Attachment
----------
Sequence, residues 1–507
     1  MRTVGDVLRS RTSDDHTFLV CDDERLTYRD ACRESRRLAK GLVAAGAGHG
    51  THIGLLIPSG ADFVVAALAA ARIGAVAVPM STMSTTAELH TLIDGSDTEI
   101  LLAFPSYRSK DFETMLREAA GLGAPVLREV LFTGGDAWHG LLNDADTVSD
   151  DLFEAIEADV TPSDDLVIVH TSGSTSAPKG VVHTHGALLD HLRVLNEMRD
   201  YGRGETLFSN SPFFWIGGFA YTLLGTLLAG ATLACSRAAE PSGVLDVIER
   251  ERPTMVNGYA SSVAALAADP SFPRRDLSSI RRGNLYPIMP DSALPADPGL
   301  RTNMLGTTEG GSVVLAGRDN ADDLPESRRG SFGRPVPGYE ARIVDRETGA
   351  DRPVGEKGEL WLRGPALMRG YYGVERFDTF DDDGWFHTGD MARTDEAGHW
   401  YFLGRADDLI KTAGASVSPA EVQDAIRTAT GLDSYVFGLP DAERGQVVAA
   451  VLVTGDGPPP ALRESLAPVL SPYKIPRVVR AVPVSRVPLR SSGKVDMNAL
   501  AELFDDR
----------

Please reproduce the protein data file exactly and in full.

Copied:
Sequence, residues 1–507
     1  MRTVGDVLRS RTSDDHTFLV CDDERLTYRD ACRESRRLAK GLVAAGAGHG
    51  THIGLLIPSG ADFVVAALAA ARIGAVAVPM STMSTTAELH TLIDGSDTEI
   101  LLAFPSYRSK DFETMLREAA GLGAPVLREV LFTGGDAWHG LLNDADTVSD
   151  DLFEAIEADV TPSDDLVIVH TSGSTSAPKG VVHTHGALLD HLRVLNEMRD
   201  YGRGETLFSN SPFFWIGGFA YTLLGTLLAG ATLACSRAAE PSGVLDVIER
   251  ERPTMVNGYA SSVAALAADP SFPRRDLSSI RRGNLYPIMP DSALPADPGL
   301  RTNMLGTTEG GSVVLAGRDN ADDLPESRRG SFGRPVPGYE ARIVDRETGA
   351  DRPVGEKGEL WLRGPALMRG YYGVERFDTF DDDGWFHTGD MARTDEAGHW
   401  YFLGRADDLI KTAGASVSPA EVQDAIRTAT GLDSYVFGLP DAERGQVVAA
   451  VLVTGDGPPP ALRESLAPVL SPYKIPRVVR AVPVSRVPLR SSGKVDMNAL
   501  AELFDDR